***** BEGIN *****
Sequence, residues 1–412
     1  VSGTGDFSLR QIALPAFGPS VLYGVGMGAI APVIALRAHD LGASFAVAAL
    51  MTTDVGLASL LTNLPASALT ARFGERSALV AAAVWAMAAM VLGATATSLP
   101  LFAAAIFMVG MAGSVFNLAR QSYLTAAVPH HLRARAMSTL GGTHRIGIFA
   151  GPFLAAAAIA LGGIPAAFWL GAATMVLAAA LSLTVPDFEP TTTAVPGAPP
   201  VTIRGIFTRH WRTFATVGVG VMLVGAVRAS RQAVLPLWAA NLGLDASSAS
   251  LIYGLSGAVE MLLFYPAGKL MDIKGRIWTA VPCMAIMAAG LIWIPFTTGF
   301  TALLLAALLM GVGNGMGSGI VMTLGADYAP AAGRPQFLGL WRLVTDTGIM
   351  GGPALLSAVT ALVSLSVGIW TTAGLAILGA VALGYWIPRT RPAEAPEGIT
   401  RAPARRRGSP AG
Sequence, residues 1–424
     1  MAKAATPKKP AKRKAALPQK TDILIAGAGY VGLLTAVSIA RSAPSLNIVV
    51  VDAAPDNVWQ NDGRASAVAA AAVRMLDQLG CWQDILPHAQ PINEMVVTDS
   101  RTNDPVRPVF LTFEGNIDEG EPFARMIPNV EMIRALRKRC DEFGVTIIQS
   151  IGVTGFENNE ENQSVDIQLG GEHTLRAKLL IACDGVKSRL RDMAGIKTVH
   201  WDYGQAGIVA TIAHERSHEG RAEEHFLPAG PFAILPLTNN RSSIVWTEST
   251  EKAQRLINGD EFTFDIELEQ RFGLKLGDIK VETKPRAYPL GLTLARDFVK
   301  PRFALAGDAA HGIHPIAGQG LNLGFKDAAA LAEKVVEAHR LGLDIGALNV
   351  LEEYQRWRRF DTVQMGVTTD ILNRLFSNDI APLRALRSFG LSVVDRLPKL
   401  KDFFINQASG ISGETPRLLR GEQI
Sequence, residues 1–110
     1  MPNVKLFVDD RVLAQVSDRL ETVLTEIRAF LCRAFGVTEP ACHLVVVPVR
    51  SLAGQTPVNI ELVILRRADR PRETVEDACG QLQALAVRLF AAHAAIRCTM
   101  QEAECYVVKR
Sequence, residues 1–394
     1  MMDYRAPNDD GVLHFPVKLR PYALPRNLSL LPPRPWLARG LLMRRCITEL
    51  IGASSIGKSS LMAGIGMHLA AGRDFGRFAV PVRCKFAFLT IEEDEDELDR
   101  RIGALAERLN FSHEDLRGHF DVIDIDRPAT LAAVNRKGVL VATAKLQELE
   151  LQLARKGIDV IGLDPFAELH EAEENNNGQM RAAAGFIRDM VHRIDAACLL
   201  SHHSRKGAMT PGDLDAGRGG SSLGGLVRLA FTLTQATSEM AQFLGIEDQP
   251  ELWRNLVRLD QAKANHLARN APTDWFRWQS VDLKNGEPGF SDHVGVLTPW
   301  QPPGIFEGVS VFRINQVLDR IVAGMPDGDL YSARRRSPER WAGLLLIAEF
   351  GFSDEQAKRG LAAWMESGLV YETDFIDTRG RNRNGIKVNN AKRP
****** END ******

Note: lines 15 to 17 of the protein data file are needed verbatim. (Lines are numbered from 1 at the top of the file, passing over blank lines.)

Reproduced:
   151  IGVTGFENNE ENQSVDIQLG GEHTLRAKLL IACDGVKSRL RDMAGIKTVH
   201  WDYGQAGIVA TIAHERSHEG RAEEHFLPAG PFAILPLTNN RSSIVWTEST
   251  EKAQRLINGD EFTFDIELEQ RFGLKLGDIK VETKPRAYPL GLTLARDFVK